Rep Stage HysteriaBy Sara McMullin • Oct 16th, 2009 • Category: Reviews
Rep Stage – Studio Theatre, Columbia, MD
Through November 1st
Reviewed October 11th, 2009
If you are looking for something that will make you laugh, cry and leave the theatre with a new understanding of psychology go see Hysteria. It’s the kind of show that even though there are some parts you want to look away from you just cant do it, and other times you will find yourself leaning in closer.
Hysteria revolves around the ever crumbling world and sanity of a dieing Sigmund Freud. The show is thought provoking, funny and at times a little scary. We follow Freud, played by Jeff Baker, in his final days dealing with extremely painful jaw cancer. He is about to publish his last works which tries to question religion and the and mythology surrounding Moses. His dear friend and personal Doctor Abraham Yahuda, played by Conrad Feininger, tries to discourage him from publishing the works. For much of Freud’s life he was never questioned, but in his final hours he his visited by some strange guests. A young woman, Jessica, played by Marni Penning, is angry and wanting answers about his most famous patient Rebecca. He is also visited by a very comical and self centered Salvador Dali, played by Bruce R. Nelson.
The characters are all very well constructed, full of life and personality leaving the audience completely vulnerable to their actions. When they are happy, you are happy. When they are sad, you are sad. Dali’s character is the comedian. He is blissfully unaware of his peer’s negative critiques and refers to himself in the third person. He and Jessica have a great chemistry on stage and together add a child like spunk and physical comedy. There is some silliness between Yahuda and Freud as Freud tries desperately to hide this mysterious girl who demands answers about Rebecca. There is also the appearance of Freud’s Daughter Anna, played by Elizabeth Simmons, and another mysterious woman, which turns out to be one of Freud’s dark secrets.
There is so much that happens in this play, it makes it go by so quickly, almost too quickly. In the end you are left alone with your thoughts. Not just about the show itself, but about the real people that were in the play. The show does not claim to be truthful, but it makes one think about the so called “hysteric” and if someone would be diagnosed it today. The show questions Freud’s theory and opens the doors to his own hidden secrets. A farce and a drama all in one, Hysteria is playing at the Rep Stage, housed in the beautiful theatre department of Howard Community College. Be aware that this show contains nudity and simulated hallucinations. It is a little too dark for a date show or a family show.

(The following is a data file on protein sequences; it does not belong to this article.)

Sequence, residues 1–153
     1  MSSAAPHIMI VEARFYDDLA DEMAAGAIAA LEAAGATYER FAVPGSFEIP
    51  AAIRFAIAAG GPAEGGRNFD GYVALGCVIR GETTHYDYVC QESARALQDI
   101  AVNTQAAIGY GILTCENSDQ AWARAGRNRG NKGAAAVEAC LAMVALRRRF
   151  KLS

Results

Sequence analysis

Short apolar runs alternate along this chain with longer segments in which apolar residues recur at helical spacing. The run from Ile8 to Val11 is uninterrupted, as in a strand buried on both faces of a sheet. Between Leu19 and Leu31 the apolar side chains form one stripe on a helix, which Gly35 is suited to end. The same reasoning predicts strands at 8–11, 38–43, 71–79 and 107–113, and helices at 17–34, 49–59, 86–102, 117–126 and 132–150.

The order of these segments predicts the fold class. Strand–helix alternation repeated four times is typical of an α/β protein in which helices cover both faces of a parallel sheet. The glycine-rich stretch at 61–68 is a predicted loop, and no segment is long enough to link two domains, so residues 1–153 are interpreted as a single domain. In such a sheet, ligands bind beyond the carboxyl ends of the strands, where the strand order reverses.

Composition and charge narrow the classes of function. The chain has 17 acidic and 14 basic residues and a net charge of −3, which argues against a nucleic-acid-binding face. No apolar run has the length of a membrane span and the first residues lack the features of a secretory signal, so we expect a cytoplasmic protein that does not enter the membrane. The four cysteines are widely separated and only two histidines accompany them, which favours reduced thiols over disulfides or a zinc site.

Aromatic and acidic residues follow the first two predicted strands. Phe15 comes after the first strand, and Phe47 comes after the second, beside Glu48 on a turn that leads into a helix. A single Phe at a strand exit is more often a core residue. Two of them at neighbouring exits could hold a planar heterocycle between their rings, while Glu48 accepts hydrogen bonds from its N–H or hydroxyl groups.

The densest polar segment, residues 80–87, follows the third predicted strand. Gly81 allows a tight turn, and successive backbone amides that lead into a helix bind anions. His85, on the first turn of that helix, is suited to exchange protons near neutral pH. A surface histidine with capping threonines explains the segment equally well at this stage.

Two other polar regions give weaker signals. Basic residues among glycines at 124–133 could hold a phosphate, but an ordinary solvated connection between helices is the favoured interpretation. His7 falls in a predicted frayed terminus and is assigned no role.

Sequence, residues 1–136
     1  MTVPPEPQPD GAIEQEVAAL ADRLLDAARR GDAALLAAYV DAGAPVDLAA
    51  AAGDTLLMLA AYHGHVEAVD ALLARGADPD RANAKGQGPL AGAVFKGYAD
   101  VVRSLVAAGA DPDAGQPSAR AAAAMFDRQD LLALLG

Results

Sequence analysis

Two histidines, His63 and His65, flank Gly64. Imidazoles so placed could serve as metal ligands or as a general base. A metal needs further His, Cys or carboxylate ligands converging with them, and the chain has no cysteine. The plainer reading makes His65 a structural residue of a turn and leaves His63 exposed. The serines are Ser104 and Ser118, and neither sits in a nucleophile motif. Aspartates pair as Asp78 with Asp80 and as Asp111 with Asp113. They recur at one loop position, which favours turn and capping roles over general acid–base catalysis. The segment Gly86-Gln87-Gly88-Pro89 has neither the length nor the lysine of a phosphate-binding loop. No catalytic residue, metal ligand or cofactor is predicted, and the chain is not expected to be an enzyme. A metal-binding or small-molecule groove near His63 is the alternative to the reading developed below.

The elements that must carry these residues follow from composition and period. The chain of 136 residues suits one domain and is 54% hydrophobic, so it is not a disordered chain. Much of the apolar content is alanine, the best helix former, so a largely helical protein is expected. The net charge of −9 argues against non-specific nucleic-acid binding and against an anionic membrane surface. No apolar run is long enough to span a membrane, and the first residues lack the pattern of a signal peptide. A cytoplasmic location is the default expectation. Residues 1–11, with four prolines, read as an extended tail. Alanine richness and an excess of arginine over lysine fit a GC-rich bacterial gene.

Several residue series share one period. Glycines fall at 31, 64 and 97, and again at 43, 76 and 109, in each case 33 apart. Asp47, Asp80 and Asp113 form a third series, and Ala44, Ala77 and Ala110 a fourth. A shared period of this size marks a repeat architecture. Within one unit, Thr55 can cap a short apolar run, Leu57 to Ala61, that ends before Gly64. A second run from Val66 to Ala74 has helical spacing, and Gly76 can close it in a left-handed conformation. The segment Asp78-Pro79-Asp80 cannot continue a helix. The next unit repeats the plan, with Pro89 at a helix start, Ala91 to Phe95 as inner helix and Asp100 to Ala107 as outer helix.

- Sigmund Freud: Jeff Baker
- Abraham Yahuda: Conrad Feininger
- Salvador Dali: Bruce R. Nelson
- Jessica: Mari Penning
- Anna/The Woman: Elzabeth Simmons
- Director: Steven Carpenter
- Scenic Design: Klyph Stanford
- Lighting Design: Dan Covey
- Costume Design: Yvette Ryan
- Production Stage Manager: Emily Carter Watson
- Properties Design: Andrea “Dre” Moore
- Sound Design: Chas Marsh
- Dialect Coach: BettyAnn Leeseberg-Lange
- Dramaturg: Lisa A. Wilde
Disclaimer: Rep Stage provided two complimentary media tickets to ShowBizRadio for this review.
This article can be linked to as: http://washingtondc.showbizradio.com/goto/4247.
Sara McMullin spent two years working in a coached ensemble called (luxurious tooth) in Chicago, and had the privilege of working with Jonathan Pitts founder of the Chicago Improv Festival. Since moving back to DC Sara has been involved in various local productions such as Hexagon's "Strike while the irony's hot" and "What so proudly we bailed" and is now Hexagon's Marketing VP. She also has performed at The Blair Mansion ("Politics is Murder," "The Day Disco Died" and "Murder is All in the Family." She is also is a comedy writer who has interned for "The Potomac Review," a literary magazine published by Montgomery College.